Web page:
It’s Friday again, but this time I’m going to change things up and not come at you with some weird randomness (or random weirdness). Instead, what I have is another “Happenstance” post for you on something that folks around might call “sensitive.” (Let’s see if I get censored again.)

Anyway, I’m taking a break from my workstation, taking a strolling among the shelves (I really find this very therapeutic)  and this book caught my eye for two obvious reasons:

index

Wild things? Acts of mischief? Sold! (In all honesty, I consider myself a conservative and a traditionalist. But I guess I’m not honest enough with myself.)

Naturally, Wild Things: Acts of Mischief in Children’s Literature by Betsy Bird, Julie Danielson, and Peter D. Sieruta touches on all manners of controversy and interesting tidbits of information about children’s books, people’s reactions to these books, and also the multifaceted lives of the authors who wrote the books.

The section which I immediately flipped to was “Children and Adults: Two Ways of Reading.” Needless to say, the title already indicates what I personally feel about the recent “sensitive” events that beleaguered the Public Libraries and also the National Library Board as a whole. But ’nuff said. I’ll let the excerpt do the rest of the talking.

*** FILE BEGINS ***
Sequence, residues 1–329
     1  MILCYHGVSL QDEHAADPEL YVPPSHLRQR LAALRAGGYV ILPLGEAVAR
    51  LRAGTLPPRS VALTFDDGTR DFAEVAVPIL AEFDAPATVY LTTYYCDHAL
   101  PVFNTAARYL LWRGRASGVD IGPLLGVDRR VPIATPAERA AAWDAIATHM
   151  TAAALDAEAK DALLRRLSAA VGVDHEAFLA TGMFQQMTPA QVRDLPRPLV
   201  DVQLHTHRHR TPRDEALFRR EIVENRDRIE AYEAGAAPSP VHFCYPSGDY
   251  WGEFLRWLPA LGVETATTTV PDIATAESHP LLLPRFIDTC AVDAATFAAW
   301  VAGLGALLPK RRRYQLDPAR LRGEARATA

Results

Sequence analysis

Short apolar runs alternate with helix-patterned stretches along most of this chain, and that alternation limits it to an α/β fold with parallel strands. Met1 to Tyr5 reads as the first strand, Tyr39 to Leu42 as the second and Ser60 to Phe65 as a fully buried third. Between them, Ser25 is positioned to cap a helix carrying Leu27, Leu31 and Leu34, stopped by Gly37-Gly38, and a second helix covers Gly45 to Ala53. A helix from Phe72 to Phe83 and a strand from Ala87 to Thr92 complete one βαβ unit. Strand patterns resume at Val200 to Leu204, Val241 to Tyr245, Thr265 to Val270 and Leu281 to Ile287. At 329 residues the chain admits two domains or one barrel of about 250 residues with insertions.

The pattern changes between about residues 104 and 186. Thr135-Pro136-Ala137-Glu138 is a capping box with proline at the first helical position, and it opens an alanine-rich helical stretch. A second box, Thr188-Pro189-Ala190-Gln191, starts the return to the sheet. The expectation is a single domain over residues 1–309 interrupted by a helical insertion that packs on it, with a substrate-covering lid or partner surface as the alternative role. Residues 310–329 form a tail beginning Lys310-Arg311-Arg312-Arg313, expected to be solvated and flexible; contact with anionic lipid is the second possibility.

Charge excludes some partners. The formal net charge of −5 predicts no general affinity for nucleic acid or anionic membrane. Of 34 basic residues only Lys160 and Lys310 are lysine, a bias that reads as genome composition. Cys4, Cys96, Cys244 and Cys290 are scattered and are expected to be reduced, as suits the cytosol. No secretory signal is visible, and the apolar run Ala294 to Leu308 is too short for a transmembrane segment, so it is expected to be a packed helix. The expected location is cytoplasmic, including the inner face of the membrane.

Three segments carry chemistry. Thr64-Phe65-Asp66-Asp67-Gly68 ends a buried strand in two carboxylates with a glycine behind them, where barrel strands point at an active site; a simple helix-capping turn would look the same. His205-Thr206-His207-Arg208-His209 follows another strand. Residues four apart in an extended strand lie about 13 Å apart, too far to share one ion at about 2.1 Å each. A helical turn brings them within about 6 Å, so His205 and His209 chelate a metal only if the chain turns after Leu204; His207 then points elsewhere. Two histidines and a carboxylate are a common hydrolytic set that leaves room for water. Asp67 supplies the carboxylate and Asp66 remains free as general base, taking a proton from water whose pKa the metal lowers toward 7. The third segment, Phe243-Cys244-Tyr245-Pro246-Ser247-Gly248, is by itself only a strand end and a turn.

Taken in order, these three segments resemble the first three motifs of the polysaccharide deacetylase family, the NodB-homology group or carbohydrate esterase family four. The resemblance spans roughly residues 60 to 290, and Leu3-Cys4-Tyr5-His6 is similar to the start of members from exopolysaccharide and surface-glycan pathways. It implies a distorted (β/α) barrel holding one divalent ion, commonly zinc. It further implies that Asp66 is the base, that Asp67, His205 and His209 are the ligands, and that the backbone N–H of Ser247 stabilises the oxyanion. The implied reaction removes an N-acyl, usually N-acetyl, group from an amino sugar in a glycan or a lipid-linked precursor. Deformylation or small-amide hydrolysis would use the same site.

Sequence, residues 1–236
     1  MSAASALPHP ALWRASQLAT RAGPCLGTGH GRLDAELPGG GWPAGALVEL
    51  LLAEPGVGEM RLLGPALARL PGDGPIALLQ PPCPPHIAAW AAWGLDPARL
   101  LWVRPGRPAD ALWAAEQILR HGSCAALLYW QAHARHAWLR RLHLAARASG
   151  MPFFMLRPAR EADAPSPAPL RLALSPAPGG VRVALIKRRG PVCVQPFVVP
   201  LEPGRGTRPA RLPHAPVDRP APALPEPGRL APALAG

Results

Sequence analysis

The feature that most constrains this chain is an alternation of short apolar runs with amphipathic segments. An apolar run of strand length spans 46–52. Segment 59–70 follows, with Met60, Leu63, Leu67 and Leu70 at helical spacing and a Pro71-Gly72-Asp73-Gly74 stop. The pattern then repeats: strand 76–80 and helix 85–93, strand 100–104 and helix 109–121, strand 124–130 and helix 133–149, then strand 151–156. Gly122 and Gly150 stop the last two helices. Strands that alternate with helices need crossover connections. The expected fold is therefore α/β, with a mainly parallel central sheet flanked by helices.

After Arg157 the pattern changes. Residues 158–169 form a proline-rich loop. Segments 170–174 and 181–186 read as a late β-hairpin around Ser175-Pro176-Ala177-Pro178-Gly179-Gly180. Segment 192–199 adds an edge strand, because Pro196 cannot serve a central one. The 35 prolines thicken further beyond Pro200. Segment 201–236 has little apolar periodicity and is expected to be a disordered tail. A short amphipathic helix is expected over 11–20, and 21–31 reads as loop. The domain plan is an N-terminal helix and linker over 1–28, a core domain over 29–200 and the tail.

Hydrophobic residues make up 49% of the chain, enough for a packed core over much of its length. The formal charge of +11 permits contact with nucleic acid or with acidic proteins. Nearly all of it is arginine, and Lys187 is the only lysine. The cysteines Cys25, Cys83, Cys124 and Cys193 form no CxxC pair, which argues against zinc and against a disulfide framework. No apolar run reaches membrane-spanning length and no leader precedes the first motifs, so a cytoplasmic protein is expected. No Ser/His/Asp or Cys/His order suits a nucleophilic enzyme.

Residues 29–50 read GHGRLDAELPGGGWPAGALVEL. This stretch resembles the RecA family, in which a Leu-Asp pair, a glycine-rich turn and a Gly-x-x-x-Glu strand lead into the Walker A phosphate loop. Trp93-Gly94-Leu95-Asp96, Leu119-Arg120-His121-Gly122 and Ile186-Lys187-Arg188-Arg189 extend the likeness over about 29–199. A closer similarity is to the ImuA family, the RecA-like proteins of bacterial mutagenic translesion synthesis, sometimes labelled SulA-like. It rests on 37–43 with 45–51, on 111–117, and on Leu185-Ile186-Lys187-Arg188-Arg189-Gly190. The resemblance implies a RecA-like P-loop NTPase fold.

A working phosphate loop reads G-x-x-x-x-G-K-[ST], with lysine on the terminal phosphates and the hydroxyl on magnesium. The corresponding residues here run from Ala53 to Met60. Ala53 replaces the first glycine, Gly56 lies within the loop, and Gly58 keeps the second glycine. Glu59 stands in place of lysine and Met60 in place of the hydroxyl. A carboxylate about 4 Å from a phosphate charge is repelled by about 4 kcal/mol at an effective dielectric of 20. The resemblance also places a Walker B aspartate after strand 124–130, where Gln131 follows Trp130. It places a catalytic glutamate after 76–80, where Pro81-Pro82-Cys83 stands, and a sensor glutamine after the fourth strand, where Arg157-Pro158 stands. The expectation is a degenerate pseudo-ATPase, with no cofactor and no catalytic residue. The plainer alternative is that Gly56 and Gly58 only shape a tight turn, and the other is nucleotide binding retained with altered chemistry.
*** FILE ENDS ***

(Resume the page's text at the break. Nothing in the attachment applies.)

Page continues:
Why is it that adults and kids read books in such different ways? Is it because, as more sophisticated readers, adults have a better sense of subtext than children? Or is it rather that grown-ups – already nervous about how these books can subvert their upper hand by empowering children to question the status quo – approach each book with an already entrenched set of beliefs and prejudices? …

Whatever the case, books seem to draw out adults’ protective instincts in a way that other forms of media do not … [When} was the last time you saw a group of “concerned citizens” publicly burning burning DVDs or throwing their TV sets from rooftops? Yet let a children’s book contain a few scattered swear words … a bare behind … a gay penguin … and all he – er, H-E-double hockey sticks – breaks out, resulting in book challenges at public and school libraries, as well as calls for censorship and banning. It’s clear that, for many, books are dangerous things.

You see that, librarians everywhere? You work a job handling “dangerous things.” This thought alone should make your day, and your weekend as well.

Grab the “dangerous” book here; have a good one.